The Spinners were woefully served by Motown. In all their time there, they rarely released more than one single a year, and spent most of the time doing odd jobs, recording demos for other acts, and touring as support for some of their more illustrious label mates. When they did actually make a record, it was invariably magnificent. “It’s a Shame” is dominated by a wonderful guitar figure, played by Robert White, one of Funk Brothers. It also features a brilliant lead vocal by GC Cameron who elected to stay at Motown and try his hand at a solo career when the others decamped for Atlantic.
BLIND WILLIE JOHNSON – It’s Nobody’s Fault But Mine / Dark Was the Night (Columbia 14303 1927)
More apocalyptic old time relijun from the slightly scary Blind Willie Johnson. The song goes further back than 1927, but Johnson’s was the first recording. It was ‘adapted’ by Led Zeppelin on their Presence album, with new lyrics that rid it of its Gospel past.
ROY ORBISON – It’s Over / Indian Wedding (Monument 837 1964)
A few summers ago I was down in England, sat outside a pub with some friends on a balmy evening. Inside they were doing a karaoke. This came on, and some wag decided to sing it in the style of Michael Caine, ending it with “It’s over…it’s bloody over”. It was pant-wettingly funny (beers had been consumed). Even now, I can’t hear the song without chuckling to myself at the memory. Not the reaction the big O had in mind, of course, with one of his most grandiose and lachrymose ballads.
REM – It’s the End of the World as We Know It / Last Date (IRS 53220 1988)
This breathless stream of consciousness from the Document album is inevitably wheeled on whenever a TV producer is attempting to make light of some apocalyptic news story or other. One of the things that Michael Stipe seems to have lost over the years is his sense of humour, but it was fully intact back then. Supposedly Lennie Bruce, Leonid Brezhnev, Lester Bangs and Leonard Bernstein all came from a dream that Stipe had where everybody had the initials LB. Hmmm. Legs were being pulled there, I think.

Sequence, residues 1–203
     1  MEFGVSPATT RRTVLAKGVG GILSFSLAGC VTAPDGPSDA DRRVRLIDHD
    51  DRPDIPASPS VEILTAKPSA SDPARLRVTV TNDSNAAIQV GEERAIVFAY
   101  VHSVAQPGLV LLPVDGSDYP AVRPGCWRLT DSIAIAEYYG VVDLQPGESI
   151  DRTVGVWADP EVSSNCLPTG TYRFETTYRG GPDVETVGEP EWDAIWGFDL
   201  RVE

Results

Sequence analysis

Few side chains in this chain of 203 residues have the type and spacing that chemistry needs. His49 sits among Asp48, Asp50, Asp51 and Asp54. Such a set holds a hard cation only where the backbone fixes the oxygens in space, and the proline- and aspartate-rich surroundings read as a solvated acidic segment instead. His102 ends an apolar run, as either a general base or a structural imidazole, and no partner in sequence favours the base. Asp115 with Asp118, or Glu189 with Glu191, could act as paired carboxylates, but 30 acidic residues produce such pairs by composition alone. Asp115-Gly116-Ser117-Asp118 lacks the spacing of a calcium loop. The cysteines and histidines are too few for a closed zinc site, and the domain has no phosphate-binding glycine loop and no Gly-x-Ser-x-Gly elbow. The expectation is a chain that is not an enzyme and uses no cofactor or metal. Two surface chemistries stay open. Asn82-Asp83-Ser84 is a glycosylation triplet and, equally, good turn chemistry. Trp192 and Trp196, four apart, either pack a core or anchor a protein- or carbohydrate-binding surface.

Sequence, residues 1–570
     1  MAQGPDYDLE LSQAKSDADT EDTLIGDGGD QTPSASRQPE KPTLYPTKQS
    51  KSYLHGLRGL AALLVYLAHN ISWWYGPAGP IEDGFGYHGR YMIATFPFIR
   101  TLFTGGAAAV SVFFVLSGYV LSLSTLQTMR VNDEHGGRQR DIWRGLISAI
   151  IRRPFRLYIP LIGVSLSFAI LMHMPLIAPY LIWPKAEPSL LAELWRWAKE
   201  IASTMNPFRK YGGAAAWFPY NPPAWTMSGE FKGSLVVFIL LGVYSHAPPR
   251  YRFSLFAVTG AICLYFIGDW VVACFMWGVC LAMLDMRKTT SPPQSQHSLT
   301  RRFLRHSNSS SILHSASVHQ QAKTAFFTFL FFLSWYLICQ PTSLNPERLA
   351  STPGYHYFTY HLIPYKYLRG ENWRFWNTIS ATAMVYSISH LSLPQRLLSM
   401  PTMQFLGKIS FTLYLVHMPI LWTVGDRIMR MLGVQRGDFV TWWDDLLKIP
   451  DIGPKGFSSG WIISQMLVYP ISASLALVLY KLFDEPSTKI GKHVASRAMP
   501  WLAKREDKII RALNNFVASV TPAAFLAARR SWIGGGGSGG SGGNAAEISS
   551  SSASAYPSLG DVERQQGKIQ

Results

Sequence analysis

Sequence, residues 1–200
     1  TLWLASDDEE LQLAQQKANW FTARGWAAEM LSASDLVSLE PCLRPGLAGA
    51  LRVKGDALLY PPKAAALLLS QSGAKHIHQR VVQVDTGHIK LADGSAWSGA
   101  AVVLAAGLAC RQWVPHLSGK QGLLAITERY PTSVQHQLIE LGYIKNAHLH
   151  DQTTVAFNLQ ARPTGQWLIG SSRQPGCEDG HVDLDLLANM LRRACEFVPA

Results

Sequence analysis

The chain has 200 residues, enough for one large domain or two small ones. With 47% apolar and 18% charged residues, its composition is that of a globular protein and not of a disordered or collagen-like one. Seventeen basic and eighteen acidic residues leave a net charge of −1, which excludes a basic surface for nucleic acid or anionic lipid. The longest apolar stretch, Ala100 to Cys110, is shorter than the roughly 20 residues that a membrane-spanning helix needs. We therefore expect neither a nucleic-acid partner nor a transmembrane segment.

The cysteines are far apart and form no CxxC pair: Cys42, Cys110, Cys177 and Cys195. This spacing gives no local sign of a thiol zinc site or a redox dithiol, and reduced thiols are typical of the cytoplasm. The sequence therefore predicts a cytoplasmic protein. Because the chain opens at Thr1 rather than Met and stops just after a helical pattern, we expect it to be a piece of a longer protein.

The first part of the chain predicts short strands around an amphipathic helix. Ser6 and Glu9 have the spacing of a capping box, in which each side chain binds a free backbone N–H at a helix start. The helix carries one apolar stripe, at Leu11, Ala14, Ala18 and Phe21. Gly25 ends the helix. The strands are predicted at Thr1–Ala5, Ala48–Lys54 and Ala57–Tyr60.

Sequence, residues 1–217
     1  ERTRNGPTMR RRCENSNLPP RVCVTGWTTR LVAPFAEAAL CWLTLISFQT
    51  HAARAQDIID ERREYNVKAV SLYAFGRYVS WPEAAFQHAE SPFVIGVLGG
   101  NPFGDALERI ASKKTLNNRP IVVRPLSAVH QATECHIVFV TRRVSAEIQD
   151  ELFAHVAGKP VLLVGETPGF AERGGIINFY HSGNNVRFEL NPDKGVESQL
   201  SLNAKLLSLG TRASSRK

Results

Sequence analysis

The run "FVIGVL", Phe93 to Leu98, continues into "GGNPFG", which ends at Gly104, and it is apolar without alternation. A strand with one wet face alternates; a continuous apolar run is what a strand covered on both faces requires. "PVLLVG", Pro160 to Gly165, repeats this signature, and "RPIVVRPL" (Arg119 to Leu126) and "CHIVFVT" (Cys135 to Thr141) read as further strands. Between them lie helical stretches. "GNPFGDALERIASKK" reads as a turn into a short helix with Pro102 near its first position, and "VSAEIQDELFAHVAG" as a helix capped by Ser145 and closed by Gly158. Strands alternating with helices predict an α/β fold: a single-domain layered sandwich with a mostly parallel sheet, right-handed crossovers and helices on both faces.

FOUR TOPS – It’s the Same Old Song / Your Love is Amazing (Motown 1081 1965)
Some wits have used this as a stick to beat Holland Dozier Holland with. Heathens. OK, they definitely had a formula, but it was one that worked brilliantly. Their songs always seemed to fit Levi Stubbs like a glove, giving him plenty of room to use that beautiful anguish in his voice.
CAROLE KING – It’s Too Late / I Feel the Earth Move (Ode 66105 1971)
Tapestry sold boatloads and suddenly everyone was doing the poor me singer/songwriter thing. What King had that the others didn’t was a grounding in the pure pop of the Brill Building era. So she could combine lyrical navel-gazing with wonderful melodies. “It’s Too Late” is a sad tale of a relationship at its end, simply having run its course.
ORIOLES – It’s Too Soon To Know / Barbra Lee (It’s a Natural 5000 1948)
The Orioles were one of the first ‘bird’ groups (alongside the Ravens), a naming fad that took in Flamingos, Penguins, Swallows, Robins and any number of other avians. The story goes that the group were approached in a bar by a young woman called Deborah Chessler who’d written the song. She went on to become their manager. “It’s Too Soon to Know” became a doowop standard even though it works better seen from the perspective of a young female, although it’s hard to imagine anyone being that naively lovestruck these days.
OTIS REDDING – I’ve Been Loving You Too Long / I’m Depending On You (Volt 126 1965)
Some of the southern soul men were happier with the downbeat material (Percy Sledge and James Carr, for instance) whilst others like Wilson Pickett suited more strident funk. Otis was equally home with both. Indeed, he could make even the saddest ballad like this one climax in the sweaty energy that you’d associated with shouters like “Respect”.